The Sentinel-6 Michael Freilich satellite sits on a ready-to-launch launch pad tomorrow, Saturday, November 21, 2020, from Vandenberg Air Force Base in central California. Sentinel-6 is designed to monitor oceans around the world and will be followed in 2025 by a dual satellite called Sentinel-6B. The spacecraft will expand the record of global measurements of global sea level rise spanning three decades.
Sentinel 6 It also has tools to collect atmospheric data to improve weather forecasting, climate models and hurricane tracking. Sentinel-6 Michael Freilich is named after former NASA Director of Earth Sciences Michael Freilich and was built in collaboration between the United States and Europe. Sentinel-6 will be pushed into orbit over the SpaceX Falcon 9 missile, with the launch target at around 9:17 AM PDT.
If the weather is not suitable for launch tomorrow, NASA has backup launch dates chosen in the following days, with the launch window landing roughly 12 minutes earlier each day. As SpaceX has done for so long, the first-stage rocket will begin its robotic burn to return to Earth for later reuse.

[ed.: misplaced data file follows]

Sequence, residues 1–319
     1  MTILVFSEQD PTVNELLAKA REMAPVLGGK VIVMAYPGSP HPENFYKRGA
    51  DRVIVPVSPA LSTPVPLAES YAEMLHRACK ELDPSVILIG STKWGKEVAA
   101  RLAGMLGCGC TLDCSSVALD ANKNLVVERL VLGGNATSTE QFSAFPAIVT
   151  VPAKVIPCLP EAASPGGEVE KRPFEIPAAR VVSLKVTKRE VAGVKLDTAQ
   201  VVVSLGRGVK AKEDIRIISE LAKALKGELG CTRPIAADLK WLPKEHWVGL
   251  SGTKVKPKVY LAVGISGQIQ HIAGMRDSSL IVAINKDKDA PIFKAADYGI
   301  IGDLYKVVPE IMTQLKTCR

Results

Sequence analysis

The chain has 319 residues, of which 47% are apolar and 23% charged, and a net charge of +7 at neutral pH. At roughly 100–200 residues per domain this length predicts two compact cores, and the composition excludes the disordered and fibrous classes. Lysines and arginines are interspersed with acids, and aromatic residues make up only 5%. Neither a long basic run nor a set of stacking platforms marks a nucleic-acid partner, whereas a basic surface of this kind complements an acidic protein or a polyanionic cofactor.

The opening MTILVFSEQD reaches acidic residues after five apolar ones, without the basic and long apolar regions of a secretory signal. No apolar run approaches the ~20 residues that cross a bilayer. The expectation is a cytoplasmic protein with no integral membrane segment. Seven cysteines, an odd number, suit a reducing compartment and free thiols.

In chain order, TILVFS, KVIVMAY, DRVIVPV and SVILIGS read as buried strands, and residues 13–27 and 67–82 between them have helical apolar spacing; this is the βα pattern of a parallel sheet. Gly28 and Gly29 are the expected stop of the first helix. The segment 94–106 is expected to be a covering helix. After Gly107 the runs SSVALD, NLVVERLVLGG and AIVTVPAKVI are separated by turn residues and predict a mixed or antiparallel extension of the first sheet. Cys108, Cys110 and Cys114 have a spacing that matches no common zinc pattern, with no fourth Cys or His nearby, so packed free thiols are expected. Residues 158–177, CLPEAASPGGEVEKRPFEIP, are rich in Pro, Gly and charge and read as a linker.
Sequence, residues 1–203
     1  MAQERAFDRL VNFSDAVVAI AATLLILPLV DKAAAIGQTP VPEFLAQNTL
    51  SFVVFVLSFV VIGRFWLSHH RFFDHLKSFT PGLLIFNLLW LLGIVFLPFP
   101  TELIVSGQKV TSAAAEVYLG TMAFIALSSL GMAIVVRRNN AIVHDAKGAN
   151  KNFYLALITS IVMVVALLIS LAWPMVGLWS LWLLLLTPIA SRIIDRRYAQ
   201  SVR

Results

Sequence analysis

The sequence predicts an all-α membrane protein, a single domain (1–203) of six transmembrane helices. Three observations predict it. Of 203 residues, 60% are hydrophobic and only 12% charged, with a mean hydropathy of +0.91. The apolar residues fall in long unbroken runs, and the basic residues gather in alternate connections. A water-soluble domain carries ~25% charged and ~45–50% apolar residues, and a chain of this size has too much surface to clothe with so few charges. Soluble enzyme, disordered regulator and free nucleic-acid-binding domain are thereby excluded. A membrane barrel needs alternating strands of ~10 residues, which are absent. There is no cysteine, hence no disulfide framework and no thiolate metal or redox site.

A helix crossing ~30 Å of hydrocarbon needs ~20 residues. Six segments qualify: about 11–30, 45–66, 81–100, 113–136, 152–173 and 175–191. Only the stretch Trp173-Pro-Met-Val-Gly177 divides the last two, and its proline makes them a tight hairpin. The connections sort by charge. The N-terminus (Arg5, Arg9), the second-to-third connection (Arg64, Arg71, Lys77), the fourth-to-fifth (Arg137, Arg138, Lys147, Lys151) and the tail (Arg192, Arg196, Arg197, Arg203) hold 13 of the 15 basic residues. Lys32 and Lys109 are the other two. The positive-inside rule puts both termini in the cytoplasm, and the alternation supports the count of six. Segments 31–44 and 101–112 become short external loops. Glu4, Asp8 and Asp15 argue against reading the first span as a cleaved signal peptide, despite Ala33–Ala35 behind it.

After the separation of the first stage, the second stage will be launched to continue moving the satellite into orbit. The second stage will launch a second time 45 minutes after the first to put the satellite into waiting orbit. About an hour after launch, the solar panels will begin deploying, and the first contact of Sentinel-6 is expected to occur 25 minutes after the solar panels are deployed.
NASA will begin providing launch coverage at 8:45 AM PDT on Nov 21. You can watch the coverage online Here. Sentinel-6 and Sentinel-6B are part of the Sentinel-6 / Jason-CS mission developed by the European Space Agency. It was designed as part of the European Copernicus Program led by the European Commission, the European Organization for Exploiting Meteorological Satellites, NASA and the National Oceanic and Atmospheric Administration.